Alternatively or additionally, the sub-system can present diagnostic values and/or the trend to a care provider. The programmer 302 and/or computer 334 may present the results in a number of ways. One possibility is to present a user-perceptible image, such as a graphical user interface (UI), which depicts the trend to the clinician. One example screen 340 is shown depicted on diagnostic computer 334. In this example, the screen 340 depicts a graphical illustration of a trend indicating a worsening of a patient's pulmonary edema condition. A detailed example is described below in relation to
The histogram analysis sub-system implemented by the implantable cardiac device 100 or an external device (e.g., programmer 302 and/or computer 334) receives multiple parameters detected by the implantable cardiac device 100. The sub-system uses histogram analysis to determine a diagnostic value for a sample period. Generally, the histogram analysis sub-system distributes the measured values from the sample period in appropriate bins of a histogram. The histogram analysis sub-system then selects a number of bins which correspond to a desired value. For instance, if a diagnostic value representing a maximum measured parameter is desired, one or more bins containing the highest measured values can be selected for further processing. The average of the measured values from the selected bins can be calculated to determine the diagnostic value. The diagnostic value is more prognostic of the patient's condition during the sample period than the measured values.
One exemplary process by which the histogram analysis sub-system can determine diagnostic values for sample periods is described in relation to
It is noted that other data values indicative of thoracic impedance may be used in lieu of HVLIC. For instance, the implantable device can measure thoracic impedance using a constant injection technique in which a constant current is applied and a voltage is measured. With the current constant, the varying voltages are related to the changing impedance caused by the patient's inhalation and exhalation, and hence are reflective of thoracic impedance. Thus, the voltage parameters are an example of another set of data values that may be used in the histogram analysis described herein.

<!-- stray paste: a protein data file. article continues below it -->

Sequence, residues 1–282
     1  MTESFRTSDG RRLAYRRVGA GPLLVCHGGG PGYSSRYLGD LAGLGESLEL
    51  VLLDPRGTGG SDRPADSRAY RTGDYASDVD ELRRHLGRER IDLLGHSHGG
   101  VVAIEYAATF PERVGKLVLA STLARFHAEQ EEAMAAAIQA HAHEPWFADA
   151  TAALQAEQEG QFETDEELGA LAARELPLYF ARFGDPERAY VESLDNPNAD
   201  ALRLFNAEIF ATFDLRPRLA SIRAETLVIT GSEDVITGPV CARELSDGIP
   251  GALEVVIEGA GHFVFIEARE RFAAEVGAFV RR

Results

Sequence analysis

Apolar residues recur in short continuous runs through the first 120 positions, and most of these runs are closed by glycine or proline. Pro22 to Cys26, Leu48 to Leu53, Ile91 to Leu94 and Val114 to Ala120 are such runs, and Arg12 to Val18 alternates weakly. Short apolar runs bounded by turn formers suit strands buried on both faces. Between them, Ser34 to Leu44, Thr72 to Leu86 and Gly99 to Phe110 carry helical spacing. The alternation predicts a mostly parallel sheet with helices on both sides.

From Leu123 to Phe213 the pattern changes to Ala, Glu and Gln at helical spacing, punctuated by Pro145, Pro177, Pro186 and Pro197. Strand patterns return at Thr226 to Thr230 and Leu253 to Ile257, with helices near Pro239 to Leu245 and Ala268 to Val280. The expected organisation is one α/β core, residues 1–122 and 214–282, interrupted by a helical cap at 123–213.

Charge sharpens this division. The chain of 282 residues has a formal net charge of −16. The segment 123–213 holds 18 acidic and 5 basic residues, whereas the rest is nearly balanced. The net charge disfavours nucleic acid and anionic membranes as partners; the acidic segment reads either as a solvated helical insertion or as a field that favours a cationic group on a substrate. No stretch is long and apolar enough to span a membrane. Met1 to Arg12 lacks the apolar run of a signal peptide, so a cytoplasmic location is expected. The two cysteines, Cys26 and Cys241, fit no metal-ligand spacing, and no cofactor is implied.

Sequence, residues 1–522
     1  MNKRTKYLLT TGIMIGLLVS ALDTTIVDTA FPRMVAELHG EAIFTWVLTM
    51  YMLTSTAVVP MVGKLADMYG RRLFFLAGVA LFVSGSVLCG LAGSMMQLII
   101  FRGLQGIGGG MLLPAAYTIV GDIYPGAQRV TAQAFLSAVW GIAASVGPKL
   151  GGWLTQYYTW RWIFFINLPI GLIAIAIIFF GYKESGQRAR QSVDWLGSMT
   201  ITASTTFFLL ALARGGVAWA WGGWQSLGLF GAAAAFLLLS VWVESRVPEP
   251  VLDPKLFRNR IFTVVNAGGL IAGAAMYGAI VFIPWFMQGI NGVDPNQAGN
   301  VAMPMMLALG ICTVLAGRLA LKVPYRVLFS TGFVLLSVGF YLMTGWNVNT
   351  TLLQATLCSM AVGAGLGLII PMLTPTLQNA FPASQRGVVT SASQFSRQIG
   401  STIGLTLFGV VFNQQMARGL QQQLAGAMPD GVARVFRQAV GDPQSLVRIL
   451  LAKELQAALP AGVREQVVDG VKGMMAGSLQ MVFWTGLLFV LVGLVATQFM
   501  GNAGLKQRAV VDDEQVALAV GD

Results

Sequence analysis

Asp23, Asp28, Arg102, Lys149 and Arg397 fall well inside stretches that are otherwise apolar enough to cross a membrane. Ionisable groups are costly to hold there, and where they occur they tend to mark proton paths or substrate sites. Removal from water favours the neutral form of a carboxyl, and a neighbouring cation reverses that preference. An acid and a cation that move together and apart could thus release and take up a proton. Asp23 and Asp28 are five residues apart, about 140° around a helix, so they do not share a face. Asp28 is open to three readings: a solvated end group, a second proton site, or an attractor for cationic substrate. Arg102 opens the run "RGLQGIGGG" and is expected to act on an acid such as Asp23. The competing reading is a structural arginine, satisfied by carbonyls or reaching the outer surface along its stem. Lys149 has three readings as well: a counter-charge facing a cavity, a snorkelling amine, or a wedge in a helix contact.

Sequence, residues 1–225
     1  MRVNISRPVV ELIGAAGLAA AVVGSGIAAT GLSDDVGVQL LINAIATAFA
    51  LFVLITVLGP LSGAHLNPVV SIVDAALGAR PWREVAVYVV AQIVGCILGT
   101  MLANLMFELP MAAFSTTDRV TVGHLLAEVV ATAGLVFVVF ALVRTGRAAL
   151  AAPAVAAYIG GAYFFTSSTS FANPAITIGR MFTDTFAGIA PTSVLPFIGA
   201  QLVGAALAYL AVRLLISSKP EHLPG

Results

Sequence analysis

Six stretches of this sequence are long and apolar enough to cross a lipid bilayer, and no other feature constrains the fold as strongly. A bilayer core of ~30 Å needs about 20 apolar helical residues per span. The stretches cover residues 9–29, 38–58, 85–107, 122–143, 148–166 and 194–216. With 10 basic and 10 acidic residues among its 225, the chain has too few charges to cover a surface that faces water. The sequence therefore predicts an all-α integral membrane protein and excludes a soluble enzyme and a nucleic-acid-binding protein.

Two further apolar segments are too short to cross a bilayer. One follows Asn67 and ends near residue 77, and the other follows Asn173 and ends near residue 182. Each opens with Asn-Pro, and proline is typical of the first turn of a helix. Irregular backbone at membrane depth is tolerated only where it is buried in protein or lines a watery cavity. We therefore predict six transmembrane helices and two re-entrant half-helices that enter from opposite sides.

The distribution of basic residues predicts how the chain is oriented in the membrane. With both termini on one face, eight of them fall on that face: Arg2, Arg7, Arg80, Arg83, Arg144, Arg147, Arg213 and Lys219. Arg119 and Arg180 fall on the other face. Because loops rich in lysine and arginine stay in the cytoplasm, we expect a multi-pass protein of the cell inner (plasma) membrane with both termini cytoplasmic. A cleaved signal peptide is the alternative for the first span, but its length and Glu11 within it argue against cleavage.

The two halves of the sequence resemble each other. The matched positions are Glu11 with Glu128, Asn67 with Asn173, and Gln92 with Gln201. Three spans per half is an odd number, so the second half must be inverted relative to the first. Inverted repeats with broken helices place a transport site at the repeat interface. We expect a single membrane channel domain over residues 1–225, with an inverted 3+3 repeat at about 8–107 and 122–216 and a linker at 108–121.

Voltage drop (ΔV) timeline 420 illustrates the calculated voltage drop 422 (ΔV=Vi-Vf) for individual HVLIC pulses 408, such as that shown in
Assume for purposes of explanation that bin 1 is assigned for voltage drop values 422 (
Now, suppose that the diagnostic value of interest is minimum thoracic impedance, which is represented by one or more of the lower numbered bins. The histogram analysis sub-system determines the minimum thoracic impedance by computing a representative value from the ΔV values placed in one or more selected low-numbered bins. For instance, suppose the histogram analysis sub-system selects bins 1 and 2. The number of bins and the assigned bin values can be adjusted as long as they remain consistent when computing diagnostic values to be compared over several sample periods. In this example, assume for purposes of explanation that bin 1 contains four ΔV values of 1.02, 1.03, 1.04 and 1.07 and that bin 2 contains eight ΔV values of 1.11, 1.13, 1.15, 1.15, 1.16, 1.16, 1.17, and 1.19. The summation of the selected bins equals the sum of the values of bin 1 plus the sum of the values of bin 2. This total value is then divided by the total number of values in the selected bins.